RailHawks' New Owner Stephen Malik Is Eager For The Start Of 2016 Season

The local tech entrepreneur purchased the club in late October and is fired up for the 2016 campaign
Jack Bell (@JackBell} | Dec 1, 2015

Scant weeks into his tenure as the new owner of the Carolina RailHawks, Stephen N. Malik is itching for the start of the 2016 North American Soccer League season with all the fervor of a North Carolina Tar Heels college basketball fan camped out to buy tickets for an Atlantic Coast Conference showdown against rival Duke.

“I’m still on a honeymoon high, I wish the season started in two weeks,” Malik told in a telephone interview from the RailHawks’ home, WakeMed Soccer Park, in Cary, N.C. “I can’t wait for it to start. I’m juiced.”

Malik, obviously, is thrilled to give the RailHawks and their fervent fans solid, local ownership after he completed his 100 percent purchase of the club in late October. The native of Kinston is Carolina through and through, having graduated from UNC-Chapel Hill with a degree in business administration and embarking on a successful business career when he founded Medfusion in Cary in 2000. After selling the company to Silicon Valley-based Intuit (makers of the popular tax preparation software TurboTax) for $91 million in 2010, he reacquired the struggling company (which is a purveyor of online patient portals and other related services for healthcare providers) and set about putting it back on its feet.

Last May, Malik attended a dinner for local business executives and the conversation drifted to his interest in getting involved in a professional sports team in the area.

“A lot of the talk was about the [NHL] Hurricanes and why I hadn’t invested because they were looking for some local ownership,” he said. “I told them that I didn’t have an interest in being a minority owner with a big hockey guy from Detroit [Peter Karamanos]. Then the guys across the table asked if I’d thought about the RailHawks. I started to understand what the local situation was and started going to games. The team was fun to watch.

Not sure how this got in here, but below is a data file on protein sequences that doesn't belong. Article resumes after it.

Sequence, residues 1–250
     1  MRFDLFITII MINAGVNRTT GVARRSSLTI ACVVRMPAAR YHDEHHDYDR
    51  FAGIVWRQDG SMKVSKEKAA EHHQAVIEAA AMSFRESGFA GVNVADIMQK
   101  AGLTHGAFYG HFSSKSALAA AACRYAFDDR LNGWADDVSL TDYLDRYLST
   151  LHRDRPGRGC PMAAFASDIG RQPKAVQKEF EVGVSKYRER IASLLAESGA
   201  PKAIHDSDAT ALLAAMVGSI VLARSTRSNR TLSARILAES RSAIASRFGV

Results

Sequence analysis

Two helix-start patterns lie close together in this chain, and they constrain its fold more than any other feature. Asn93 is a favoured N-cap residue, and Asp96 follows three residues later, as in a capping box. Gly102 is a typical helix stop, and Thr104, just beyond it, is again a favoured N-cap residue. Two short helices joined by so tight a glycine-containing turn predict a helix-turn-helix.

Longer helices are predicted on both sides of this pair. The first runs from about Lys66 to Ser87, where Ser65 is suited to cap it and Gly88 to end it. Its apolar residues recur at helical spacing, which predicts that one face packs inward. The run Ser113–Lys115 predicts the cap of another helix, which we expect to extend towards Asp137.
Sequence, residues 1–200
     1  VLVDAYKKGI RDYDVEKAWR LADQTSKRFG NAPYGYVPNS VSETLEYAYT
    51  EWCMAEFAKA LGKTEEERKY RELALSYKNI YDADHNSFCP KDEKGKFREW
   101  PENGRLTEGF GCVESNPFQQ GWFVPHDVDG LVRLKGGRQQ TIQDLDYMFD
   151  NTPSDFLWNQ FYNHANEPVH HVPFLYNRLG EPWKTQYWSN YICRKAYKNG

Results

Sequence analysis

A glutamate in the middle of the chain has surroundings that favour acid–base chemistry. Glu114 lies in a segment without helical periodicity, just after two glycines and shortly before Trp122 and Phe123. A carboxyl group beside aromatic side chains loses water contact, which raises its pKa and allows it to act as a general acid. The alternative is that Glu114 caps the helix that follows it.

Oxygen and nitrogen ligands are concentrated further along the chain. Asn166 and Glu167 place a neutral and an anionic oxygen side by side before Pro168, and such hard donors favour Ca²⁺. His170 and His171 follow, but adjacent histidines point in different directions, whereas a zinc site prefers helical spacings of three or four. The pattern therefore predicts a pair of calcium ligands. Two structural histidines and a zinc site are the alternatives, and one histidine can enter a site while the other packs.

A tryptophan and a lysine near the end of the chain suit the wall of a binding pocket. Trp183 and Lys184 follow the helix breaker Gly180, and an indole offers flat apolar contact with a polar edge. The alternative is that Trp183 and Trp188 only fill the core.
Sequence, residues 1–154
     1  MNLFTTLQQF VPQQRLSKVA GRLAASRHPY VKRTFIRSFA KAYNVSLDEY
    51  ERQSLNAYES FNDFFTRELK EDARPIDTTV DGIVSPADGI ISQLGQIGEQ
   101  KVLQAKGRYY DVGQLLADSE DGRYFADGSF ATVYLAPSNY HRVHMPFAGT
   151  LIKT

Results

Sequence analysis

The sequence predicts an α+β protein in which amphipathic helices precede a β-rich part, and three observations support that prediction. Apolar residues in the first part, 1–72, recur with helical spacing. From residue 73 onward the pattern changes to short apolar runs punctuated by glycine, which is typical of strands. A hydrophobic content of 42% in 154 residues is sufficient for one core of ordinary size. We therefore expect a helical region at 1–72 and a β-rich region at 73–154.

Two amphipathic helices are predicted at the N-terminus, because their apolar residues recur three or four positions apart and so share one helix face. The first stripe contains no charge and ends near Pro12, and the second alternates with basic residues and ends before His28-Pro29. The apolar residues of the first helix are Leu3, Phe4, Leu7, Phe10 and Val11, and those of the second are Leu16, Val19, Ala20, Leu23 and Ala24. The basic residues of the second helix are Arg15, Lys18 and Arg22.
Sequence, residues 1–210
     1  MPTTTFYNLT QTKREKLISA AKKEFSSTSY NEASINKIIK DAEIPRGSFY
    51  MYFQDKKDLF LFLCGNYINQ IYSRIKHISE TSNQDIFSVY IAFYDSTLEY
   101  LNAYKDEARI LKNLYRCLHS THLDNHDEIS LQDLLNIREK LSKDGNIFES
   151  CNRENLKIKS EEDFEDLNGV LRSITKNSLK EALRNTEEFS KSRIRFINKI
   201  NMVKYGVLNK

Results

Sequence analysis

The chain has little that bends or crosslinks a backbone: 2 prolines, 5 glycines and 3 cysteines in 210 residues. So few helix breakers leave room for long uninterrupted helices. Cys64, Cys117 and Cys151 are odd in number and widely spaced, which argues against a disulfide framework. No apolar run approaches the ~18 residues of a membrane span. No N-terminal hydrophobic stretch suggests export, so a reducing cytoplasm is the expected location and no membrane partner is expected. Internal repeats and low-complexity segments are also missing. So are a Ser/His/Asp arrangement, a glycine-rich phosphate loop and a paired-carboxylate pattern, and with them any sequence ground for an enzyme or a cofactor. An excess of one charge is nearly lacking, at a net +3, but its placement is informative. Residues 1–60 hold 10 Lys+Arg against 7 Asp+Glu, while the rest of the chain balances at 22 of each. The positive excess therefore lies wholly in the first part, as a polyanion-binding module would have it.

“I hadn’t been out to WakeMed in a couple of years. They put in suites, an upper deck, a video board. I started walking through the process. I think my second game was the Cosmos game and I thought the fans reaction was interesting. I’ve had a strong desire to own a pro team to help the community. I’ve learned along the way that charitable giving is great, but you need to get behind something to make a difference and I can bring more to the equation than money. It seemed like a pretty good fit. I was in a position to put some time and attention on it. I have some financial independence and a background with the sport. This was not a premium buy in, but it did require a tremendous investment. It still will.”

Malik opted to retain the front office staff, which includes general manager Curt Johnson, executive vice president Peter Sciandra and head coach Colin Clarke. Like most professional soccer teams, the changes are more likely to come on the field. The RailHawks recently re-signed Tiyi Shipalane and have a handful of others under contract for 2016. And he knows that the club, which has always been interested in local talent (for example, Austin da Luz), plays in a soccer hotbed where there are more than 25,000 youngsters playing organized ball in only one of three counties in the area.

“I’ve been supporting Tar Heel soccer all along,” Malik said. “This year they have two senior academic All-Americans and All-ACC players. We’d like to sign guys like that. N.C. State, Wake [Forest] was a No. 1 seed – you look at the ACC and no one has access to college talent like we do. That concept of building with local talent, we’re well positioned. If we can be an All-ACC team with some other homegrown players and one or two internationals I think that would work. But we know we better have a strategy that will win. I do think that with a long-term eye it makes sense to mine the resources we have here.”

Part of that equation – off the field – Is forging stronger relationships with the vibrant local community. The Raleigh-Durham area is the 24th largest media market in the United States and is the fastest growing of any market among the top 25.

“I went to a party last week and was just standing around and these three guys came over and asked me, ‘How does it feel to be the most loved owner in sports in North Carolina?’” Malik said. “I guess the only place for me to go is down! It’s my goal to professionalize this entire organization and improve the fan experience. The fans are thrilled. The business community is embracing us. Everyone is embracing us because it’s a great fit. There’s great potential here. I feel a responsibility to be a good steward.”

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